Today is Maundy Thursday. Neither Maundy Thursday nor foot washing services are a part of this church's tradition. But today, during this prolonged pandemic lockdown, how I wish we were meeting for worship today! How I wish I could wash your feet!
Today is our day of preparation for this weekend. Many people have been working very hard (just as in every church) that we might observe and celebrate this pinnacle of the Christian calendar. I have watched so many people put their hearts into their work for this weekend, it is a beautiful thing to observe. I hope and pray you will enter in, with all your hearts, to worship with us on both Good Friday and Easter. (See the Worship page of this website for details.)
I have two things to share with you as we, this evening, begin our weekend observance. The first is a new song, just released today, by Sarah Kivell of Windsor, which begins where we are, takes us to the Garden with Jesus, and points us to resurrection. Click this link, Garden of Suffering, to hear it (the lyrics are there for you as well.) The second is a poem by the British poet Elizabeth Jennings, The Eternal Cross. It takes us in a very different direction, then also points us to resurrection:
The Eternal Cross
He’ll blossom on the cross
in a few hours now*
The Saviour of the world will die again.
He is the flower upon a hurting bough;
the crown of thorns and nails will give him pain.
But the worst one is how we go on daily wounding him.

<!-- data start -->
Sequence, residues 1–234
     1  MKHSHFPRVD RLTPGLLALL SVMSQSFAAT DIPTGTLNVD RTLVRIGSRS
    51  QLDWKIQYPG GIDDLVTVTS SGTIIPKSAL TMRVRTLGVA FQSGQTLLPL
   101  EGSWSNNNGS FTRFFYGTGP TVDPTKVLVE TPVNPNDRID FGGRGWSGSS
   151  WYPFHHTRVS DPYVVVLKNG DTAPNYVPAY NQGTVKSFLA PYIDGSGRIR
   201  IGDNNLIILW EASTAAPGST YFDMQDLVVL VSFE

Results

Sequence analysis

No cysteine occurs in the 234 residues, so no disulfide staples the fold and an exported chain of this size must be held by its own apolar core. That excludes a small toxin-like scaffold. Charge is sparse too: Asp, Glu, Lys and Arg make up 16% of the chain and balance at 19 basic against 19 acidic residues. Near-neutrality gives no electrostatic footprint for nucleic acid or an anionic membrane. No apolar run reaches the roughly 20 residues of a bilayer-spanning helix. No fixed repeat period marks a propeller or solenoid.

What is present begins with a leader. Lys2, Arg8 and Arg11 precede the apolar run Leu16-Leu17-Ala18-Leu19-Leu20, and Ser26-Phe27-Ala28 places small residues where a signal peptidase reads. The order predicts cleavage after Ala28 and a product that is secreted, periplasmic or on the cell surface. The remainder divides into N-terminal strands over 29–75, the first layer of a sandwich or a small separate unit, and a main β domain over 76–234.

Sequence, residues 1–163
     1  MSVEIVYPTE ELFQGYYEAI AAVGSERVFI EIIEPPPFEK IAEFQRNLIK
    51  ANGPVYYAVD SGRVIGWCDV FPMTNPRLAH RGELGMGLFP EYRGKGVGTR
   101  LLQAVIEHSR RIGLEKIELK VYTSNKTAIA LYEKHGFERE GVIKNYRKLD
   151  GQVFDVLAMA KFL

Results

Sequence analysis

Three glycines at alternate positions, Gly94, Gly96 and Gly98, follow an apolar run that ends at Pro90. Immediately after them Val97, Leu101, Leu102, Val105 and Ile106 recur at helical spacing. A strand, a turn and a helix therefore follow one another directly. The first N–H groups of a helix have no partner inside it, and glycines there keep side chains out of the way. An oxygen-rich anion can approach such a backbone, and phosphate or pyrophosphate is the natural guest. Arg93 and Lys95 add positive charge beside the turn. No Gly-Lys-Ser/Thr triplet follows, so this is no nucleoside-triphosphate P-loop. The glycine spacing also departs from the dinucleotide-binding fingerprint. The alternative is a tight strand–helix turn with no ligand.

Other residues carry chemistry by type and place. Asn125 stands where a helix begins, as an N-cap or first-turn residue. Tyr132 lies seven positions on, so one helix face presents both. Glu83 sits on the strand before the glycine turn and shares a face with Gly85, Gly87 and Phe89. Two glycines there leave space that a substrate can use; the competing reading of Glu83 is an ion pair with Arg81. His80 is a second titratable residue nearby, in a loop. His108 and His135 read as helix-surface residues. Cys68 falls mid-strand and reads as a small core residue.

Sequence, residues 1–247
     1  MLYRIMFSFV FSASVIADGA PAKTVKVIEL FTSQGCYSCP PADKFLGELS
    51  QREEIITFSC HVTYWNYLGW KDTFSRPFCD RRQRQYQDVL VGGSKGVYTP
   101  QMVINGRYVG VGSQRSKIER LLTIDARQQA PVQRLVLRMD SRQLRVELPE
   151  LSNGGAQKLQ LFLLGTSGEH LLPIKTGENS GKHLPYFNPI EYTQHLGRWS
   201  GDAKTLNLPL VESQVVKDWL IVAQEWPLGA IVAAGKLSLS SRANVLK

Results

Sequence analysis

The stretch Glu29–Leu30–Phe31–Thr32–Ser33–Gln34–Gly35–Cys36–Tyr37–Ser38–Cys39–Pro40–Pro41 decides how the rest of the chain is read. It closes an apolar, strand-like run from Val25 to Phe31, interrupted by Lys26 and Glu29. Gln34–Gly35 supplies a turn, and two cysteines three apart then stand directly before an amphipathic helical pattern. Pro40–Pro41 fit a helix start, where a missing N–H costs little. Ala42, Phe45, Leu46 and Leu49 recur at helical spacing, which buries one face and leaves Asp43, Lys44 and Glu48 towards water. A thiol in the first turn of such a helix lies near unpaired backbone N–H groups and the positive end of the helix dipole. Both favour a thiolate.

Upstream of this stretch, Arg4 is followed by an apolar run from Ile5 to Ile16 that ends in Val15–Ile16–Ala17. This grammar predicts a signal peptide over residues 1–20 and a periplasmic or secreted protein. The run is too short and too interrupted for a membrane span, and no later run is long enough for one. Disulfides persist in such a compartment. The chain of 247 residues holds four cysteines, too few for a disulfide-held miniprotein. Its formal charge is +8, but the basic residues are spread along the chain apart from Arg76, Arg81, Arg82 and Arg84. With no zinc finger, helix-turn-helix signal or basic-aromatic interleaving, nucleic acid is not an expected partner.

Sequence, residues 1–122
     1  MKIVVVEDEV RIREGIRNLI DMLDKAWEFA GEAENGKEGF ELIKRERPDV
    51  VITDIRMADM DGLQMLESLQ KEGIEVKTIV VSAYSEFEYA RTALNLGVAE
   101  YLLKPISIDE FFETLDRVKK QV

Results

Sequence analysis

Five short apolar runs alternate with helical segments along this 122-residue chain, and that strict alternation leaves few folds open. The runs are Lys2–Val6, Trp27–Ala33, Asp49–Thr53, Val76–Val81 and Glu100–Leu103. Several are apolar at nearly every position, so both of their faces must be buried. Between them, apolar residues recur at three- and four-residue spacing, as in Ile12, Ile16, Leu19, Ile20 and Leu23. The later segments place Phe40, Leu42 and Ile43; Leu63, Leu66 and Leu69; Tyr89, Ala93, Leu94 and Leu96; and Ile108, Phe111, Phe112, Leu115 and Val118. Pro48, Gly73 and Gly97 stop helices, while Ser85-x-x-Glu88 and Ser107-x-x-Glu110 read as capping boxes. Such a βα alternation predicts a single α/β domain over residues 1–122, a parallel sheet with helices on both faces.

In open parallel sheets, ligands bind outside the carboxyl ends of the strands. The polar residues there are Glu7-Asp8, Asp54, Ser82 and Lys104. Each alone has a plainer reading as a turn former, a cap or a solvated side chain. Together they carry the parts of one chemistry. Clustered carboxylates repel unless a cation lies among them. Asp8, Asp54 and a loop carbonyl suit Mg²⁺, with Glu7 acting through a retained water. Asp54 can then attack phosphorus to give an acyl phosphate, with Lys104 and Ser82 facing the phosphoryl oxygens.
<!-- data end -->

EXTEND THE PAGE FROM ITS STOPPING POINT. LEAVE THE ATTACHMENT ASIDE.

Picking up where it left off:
And he, although he’s out of time,
still feels the great dark of betrayal.
He’s nailed on a tree each time we fail him.
Suffering won’t abate
until the liberty this God-man gave us
is used only for kindness and gentleness.
Our world is full of dying christs:
the starved, the sick, the poor.
God sleeps in cardboard boxes,
has no meal.
We are his torturer,
each time we fail in generosity,
abuse a child, or will not give our love.
Christ lets us use our fatal liberty against himself.
But now and then one act of selflessness
sets free the whole of mankind.
When his side was pierced,
that spear was how we failed to say we love someone.
But each time tears are dried,
it’s Resurrection Day.
* (the original line reads, "in three weeks now")
May God bless you as you worship him this weekend in prayer, in solitude, in gathering, in caring for one another.
Beautiful song! The poem speaks to me in a special way! Probably because of the Pandemic ? those less fortunate as usual are suffering most.
I do like the tradition of Mandy Thursday. We listened to a beautiful Maundy Thursday Service from the Netherlands where we celebrated Communion instead of the traditional feet washing?
Looking forward to our own Good Friday Service!